Christmas and New Year's Eve are right around the corner. People from all across the country will be traveling so they can spend the holidays with friends and family. With so many travelers heading to the airport, you might want to think about signing up for the TSA's PreCheck program.
The last thing you want to worry about during this joyful season is your safety while traveling. Unfortunately, there's a frightening new report out about security on an airplane.
Ruben Santamarta, with cybersecurity company IOActive, has discovered flaws in the Panasonic Avionics In-Flight Entertainment (IFE) system. This system is used in several commercial airlines including American Airlines, Virgin Airlines and Emirates to name a few.
What's the risk?
Santamarta said that the vulnerabilities he found could allow hackers to commit cyberfraud. Cybercriminals could access some of the IFE unit's backend to acquire passengers' frequent flyer membership details and use it to steal personal information.
Furthermore, he said hackers could put up phony images on the IFE screens, detailing incorrect flight information. The scammer could post misinformation about the plane's route, speed or altitude or even take over the airline crew's PA system. This could cause passengers to panic and create chaos on the flight.
Finally, Santamarta's most shocking claim is that a hacker could remotely take over control of the airplane. He said that a skilled hacker could use the IFE as a gateway to the aircraft's controls.
To be clear, this is theoretical at the moment. As of now, there are no known exploits that would give the hacker a physical path to the airplane's control system.
An airplane has four domains for data. Aircraft control, airline information services, passenger entertainment and passenger-owned devices.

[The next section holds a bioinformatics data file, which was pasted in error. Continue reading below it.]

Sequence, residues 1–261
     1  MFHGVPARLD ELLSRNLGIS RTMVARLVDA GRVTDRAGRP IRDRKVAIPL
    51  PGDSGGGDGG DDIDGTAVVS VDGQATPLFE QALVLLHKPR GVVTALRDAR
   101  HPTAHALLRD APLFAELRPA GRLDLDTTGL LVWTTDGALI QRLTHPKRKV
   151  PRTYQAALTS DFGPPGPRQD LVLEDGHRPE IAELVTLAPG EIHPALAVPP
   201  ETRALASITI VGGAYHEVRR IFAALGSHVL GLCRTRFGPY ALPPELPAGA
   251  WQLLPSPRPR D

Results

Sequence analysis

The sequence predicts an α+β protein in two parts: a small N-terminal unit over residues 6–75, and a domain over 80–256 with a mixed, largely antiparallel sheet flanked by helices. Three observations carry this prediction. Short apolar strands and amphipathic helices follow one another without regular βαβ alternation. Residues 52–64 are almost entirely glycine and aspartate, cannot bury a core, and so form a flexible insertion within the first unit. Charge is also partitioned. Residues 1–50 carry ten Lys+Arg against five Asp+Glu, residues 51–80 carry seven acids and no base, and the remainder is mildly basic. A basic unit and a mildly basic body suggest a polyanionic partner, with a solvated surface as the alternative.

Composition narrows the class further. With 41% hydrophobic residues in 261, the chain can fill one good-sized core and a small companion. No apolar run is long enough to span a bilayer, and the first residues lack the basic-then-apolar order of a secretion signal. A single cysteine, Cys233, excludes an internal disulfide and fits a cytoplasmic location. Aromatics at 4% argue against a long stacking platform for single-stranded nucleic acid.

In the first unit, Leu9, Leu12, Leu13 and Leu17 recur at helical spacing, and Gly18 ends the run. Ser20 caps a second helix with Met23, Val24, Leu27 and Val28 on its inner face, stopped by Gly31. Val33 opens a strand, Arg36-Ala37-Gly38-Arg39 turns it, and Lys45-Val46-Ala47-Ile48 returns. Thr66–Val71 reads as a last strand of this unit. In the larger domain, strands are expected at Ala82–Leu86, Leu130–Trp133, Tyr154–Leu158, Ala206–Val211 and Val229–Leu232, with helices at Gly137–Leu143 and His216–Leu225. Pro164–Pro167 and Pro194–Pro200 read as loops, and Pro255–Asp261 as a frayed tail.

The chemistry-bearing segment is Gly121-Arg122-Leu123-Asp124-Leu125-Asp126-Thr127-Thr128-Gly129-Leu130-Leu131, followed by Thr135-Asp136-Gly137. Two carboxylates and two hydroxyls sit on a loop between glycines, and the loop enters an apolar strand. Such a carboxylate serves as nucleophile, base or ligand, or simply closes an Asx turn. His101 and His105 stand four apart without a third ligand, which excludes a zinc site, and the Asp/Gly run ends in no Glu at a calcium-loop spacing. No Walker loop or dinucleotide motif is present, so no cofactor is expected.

Santamarta is worried that a cybercriminal could cross the 'red line' between these domains. He said, "I don't believe these systems can resist solid attacks from skilled malicious actors. As such, airlines must be incredibly vigilant when it comes to their IFE systems, ensuring that these and other systems are properly segregated and each aircraft's security posture is carefully [analyzed] case by case."
The "DailyMail" reached out to airlines for comment on these risks. Spokespeople for each airline said pretty much the same thing, that they take the safety of their passengers seriously and they are not at risk from the IFE systems.
An Emirates spokesperson said, "Emirates can confirm there is no risk to the safety of our aircraft. We have been a long-term partner of Panasonic Aviation Corporation (PAC) and we utilize their [in-flight] entertainment systems on our aircraft. Matters of aviation cybersecurity are of utmost importance to Emirates and we continuously work with Panasonic on robust assessments to update our IFE systems and have measures in place to resolve any issues. The safety of our passengers and crew on board is a priority and will not be compromised."
We've warned you in the past that hackers have been targeting your frequent flyer miles. Click here to find out how to protect your information.
As far as a hacker taking control of an airplane, we don't believe that is possible yet. Keep checking in with our Happening Now section and we'll let you know if there are any developments.